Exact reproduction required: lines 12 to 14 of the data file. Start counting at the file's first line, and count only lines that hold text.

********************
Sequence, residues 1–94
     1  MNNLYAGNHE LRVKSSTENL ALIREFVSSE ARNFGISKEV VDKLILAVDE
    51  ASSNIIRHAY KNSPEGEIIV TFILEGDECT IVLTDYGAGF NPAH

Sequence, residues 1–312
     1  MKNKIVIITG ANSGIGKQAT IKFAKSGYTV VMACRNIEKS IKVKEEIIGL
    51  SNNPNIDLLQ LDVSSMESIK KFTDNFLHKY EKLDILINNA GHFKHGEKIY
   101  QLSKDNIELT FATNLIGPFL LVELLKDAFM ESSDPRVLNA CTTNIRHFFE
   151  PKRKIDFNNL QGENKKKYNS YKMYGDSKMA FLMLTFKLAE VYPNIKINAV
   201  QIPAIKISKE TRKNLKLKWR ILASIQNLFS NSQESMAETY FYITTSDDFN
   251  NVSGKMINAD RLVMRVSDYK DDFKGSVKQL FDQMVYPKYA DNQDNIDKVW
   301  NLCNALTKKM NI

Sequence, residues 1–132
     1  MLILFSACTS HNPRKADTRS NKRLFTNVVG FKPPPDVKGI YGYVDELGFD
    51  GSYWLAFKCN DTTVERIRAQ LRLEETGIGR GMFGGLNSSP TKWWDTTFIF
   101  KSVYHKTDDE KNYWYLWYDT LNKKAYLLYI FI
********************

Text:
Sequence, residues 1–132
     1  MLILFSACTS HNPRKADTRS NKRLFTNVVG FKPPPDVKGI YGYVDELGFD
    51  GSYWLAFKCN DTTVERIRAQ LRLEETGIGR GMFGGLNSSP TKWWDTTFIF